o  Instead of terminating all transbay lines at the First and Mission Transbay Transit Center, some lines should extend to other important San Francisco destinations such as the Financial District, Civic Center, North Beach and the Mission District.

o  Transit-only lanes on both sides of the Bay where and as needed.  Good maps and good marketing.

Unless something is done soon, the oncoming BART crunch will do great damage to the economy of the Central Bay area and to the environment.

SaveMuni Letter on Commuter Bus Violations

SaveMuni just sent the following letter to the MTA Board in advance of a hearing on commuter bus infractions on Tuesday:

July 17, 2017

To:    MTA Board members

SaveMuni urges the SFMTA to make enforcement of regulations regarding commuter shuttle buses a much higher priority than it has heretofore been.  We understand that citizen volunteers have been reporting numerous violations which continue on an on-going basis.  But it should not be up to citizens to do your job.

Therefore we ask the SFMTA to strictly enforce the program rules with respect to specific buses, conditions, locations and operations.
Enforcement should include but not be limited to citations, suspensions of licenses and revising operating permits for violations and other non-compliance.

We trust that companies that adhere to the rules will be regarded as better neighbors by the residents of San Francisco, and will provide better service to their riders.

Sincerely,

Bob Feinbaum
Chair, SaveMuni

A Visit from ConnectSF

Graham Satterwhite, Howard Wong, Bob Feinbaum

Graham Satterwhite, Howard Wong, Bob Feinbaum

Graham Satterwhite of ConnectSF came to the June SaveMuni meeting to tell us all about his organization. ConnectSF is a long-range transportation planning project that aims to consolidate and coordinate all transportation in the city under a 50-year plan, or more aptly, a set of alternate plans. It tries to identify future scenarios with respect to demographic, economic, environmental, and other factors, and develop viable transportation plans for each possibility. It is a collaborative project between SFMTA, the Planning Department, CTA, Economic and Workforce Development, and the Mayor’s office.

ConnectSF comprises three interacting “streams” of activity. Input from the public is derived from neighborhood meetings and townhalls. There are task forces of key decisionmakers and specialists who often come from opposing points of view, such as the Chamber of Commerce and Greenpeace; “people who would not normally be communicating with each other.” Lastly, there is the city staff “stream,” which is generally more of a technical resource. The meetings of the last two are not open to the public.

The type of scenario planning ConnectSF will implement has been utilized successfully by the Port of Vancouver. Participating organizations ranged from ones that wanted no development of the port, to ones that wanted lots of development of varying kinds. At some point it became generally recognized that if the port were not modernized to some degree, Vancouver would evolve into a “lifestyle city” for the upper class. A “growth and sustainability” model was agreed on.

Another way ConnectSF communicates with the public is through “pop-up” events, where they talk to people on the streets about what excites them and what needs improvement. They also sponsor “co-learning” events, where people get to experience electric bikes, etc..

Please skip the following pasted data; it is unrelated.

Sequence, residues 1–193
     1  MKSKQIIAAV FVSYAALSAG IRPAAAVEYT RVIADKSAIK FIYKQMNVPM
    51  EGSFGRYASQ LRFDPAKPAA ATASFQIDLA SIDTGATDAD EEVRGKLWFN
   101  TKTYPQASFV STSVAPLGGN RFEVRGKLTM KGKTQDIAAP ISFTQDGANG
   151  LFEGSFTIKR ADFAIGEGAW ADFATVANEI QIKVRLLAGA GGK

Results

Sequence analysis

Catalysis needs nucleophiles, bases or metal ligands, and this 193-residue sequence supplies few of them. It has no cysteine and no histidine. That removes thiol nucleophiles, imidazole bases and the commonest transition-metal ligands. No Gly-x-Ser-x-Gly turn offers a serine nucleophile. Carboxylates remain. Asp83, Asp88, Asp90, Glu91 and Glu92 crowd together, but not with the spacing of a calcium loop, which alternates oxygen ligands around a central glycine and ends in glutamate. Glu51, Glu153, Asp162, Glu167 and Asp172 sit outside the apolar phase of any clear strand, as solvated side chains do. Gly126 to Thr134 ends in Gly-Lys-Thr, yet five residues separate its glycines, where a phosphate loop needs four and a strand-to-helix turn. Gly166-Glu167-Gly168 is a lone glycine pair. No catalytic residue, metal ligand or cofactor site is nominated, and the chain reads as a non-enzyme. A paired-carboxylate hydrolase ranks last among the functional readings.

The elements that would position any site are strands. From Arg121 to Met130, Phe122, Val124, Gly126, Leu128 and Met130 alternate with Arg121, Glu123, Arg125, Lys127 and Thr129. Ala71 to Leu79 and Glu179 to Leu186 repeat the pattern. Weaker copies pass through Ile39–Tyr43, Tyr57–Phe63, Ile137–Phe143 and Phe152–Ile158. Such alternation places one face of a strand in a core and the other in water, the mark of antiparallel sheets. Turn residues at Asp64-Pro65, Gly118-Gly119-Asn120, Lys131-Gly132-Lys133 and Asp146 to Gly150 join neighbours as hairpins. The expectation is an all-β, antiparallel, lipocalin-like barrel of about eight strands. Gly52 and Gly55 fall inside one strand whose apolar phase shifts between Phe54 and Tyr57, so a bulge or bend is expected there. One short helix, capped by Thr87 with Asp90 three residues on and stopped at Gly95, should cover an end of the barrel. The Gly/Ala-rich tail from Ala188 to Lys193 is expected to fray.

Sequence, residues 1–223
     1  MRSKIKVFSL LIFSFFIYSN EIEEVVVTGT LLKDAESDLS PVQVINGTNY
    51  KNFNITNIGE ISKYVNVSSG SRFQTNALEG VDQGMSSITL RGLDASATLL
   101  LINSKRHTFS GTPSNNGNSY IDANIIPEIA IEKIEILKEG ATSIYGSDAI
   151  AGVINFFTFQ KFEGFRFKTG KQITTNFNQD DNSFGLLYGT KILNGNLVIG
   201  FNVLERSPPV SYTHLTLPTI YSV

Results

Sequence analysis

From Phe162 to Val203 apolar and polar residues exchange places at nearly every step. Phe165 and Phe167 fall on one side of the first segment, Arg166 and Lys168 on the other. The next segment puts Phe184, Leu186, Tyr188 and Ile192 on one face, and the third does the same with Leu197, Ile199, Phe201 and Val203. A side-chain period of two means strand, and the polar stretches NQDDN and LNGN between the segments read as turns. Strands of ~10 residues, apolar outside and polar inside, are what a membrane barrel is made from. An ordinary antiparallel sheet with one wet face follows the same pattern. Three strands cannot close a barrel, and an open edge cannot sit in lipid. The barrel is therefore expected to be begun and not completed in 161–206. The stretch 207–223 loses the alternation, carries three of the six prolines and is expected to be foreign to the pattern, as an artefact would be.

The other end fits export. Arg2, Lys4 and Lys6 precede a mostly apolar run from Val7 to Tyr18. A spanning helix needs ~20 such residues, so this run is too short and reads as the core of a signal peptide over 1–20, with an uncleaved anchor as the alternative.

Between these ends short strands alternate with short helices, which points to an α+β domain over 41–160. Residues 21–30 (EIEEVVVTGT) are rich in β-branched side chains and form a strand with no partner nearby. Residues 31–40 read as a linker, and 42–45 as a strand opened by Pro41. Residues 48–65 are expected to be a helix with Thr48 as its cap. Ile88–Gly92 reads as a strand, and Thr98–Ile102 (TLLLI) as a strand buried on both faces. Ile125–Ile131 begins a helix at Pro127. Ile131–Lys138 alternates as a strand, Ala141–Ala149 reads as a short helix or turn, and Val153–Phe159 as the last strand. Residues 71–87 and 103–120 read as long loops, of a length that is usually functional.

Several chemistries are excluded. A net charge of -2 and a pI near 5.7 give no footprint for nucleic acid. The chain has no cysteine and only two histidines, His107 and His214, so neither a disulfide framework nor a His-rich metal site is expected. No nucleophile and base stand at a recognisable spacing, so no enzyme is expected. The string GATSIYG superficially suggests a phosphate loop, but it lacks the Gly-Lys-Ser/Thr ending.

The organization has already been doing public outreach of various sorts for several months, and will soon be summarizing their findings. In September they will be doing a detailed study of indicators as to where the local economy and development are heading. The end goal is to inform the Transportation Element and SFMTA planning.

SaveMuni will have two people participating in the task force.

Could we get serious about traffic, please?

SF-Traffic-4x3-468942570

According to the “TomTom Traffic Index of 2017,” released on February 21, San Francisco is the 3rd most congested city in the United States. To anyone who has witnessed recent traffic conditions in San Francisco this will come as no surprise. Let’s face it, City Government has dropped the ball on traffic congestion.  Here are a few of the more obvious problems in need of solutions:

            1.)  The daily inflow of vehicles from the Peninsula will soon hit 300,000 cars and trucks a day.  (More than from the two bridges combined). And yet no one seems to notice.   There are ways of moderating this daily inflow.

            2.)  San Francisco’s transportation capital program is mostly a disaster.  While there are some bright spots here and there (e.g. Red Lanes, DTX conceptual design, new buses), much of the City’s transportation resources seem to get spent on enterprises of small consequence.   Needed is  a better and more analytical way of establishing transportation capital priorities. 

            3.) Lyft and Uber are privately owned computer-dispatched vehicles that many have found to be convenient.  Failing to anticipate the problems that  such services would  cause  in San Francisco, City Hall initially sanctioned and even encouraged their development.  We are now seeing the results.  The estimated 45,000 Lyft and Uber vehicles currently operating in San Francisco are both further clogging city streets and cutting into Muni ridership. 

City Hall does not appear to understand is that if people in San Francisco start abandoning collective travel in favor of individual conveyances….especially Lyft and Uber….the traffic will get gradually increase until congestion itself becomes the limiting factor….and no one is going to like that very much.

A Supervisor has suggested that a $0.20 tax per trip be imposed on Lyft and Uber travel.  She’s shooting too low.  The tax should be at least $0.20 a mile.  In fact the tax or other disincentives should be sufficient to hold the number of computer-dispatched automobiles operating in San Francisco to a predetermined City-established limit, below 45,000 vehicles.  

As San Francisco develops and becomes more populated, it becomes increasingly necessary to get smarter about how we plan and develop the accompanying infrastructure.

F Line Extension

FLineCar

The F line currently runs along The Embarcadero and terminates at Fisherman’s Wharf. It is a very popular line, not only with tourists but also with San Franciscans headed for neighborhoods in the northeastern part of town.

For decades activists have proposed an extension of the F line to Fort Mason, using the abandoned rail tunnel that once served the Beltway Railway. But the MTA has never pushed the extension and neighbors living on Marina Blvd have lobbied against the idea fearing obstruction of views and other problems.

Now however thanks to the availability of federal funding from the National Park Service (NPS), the MTA has taken an interest in extending the F line. In mid May, the MTA applied for a $1.1 million Federal Lands Access Program grant to plan and engineer the extension to Fort Mason.

Save Muni supported that application with a letter to the Acting Director of the National Parks Service on June 10. The letter emphasized our willingness to work with the MTA and the NPS to extend the F line to better serve the transit needs of tourists and residents alike.

~ Bob Feinbaum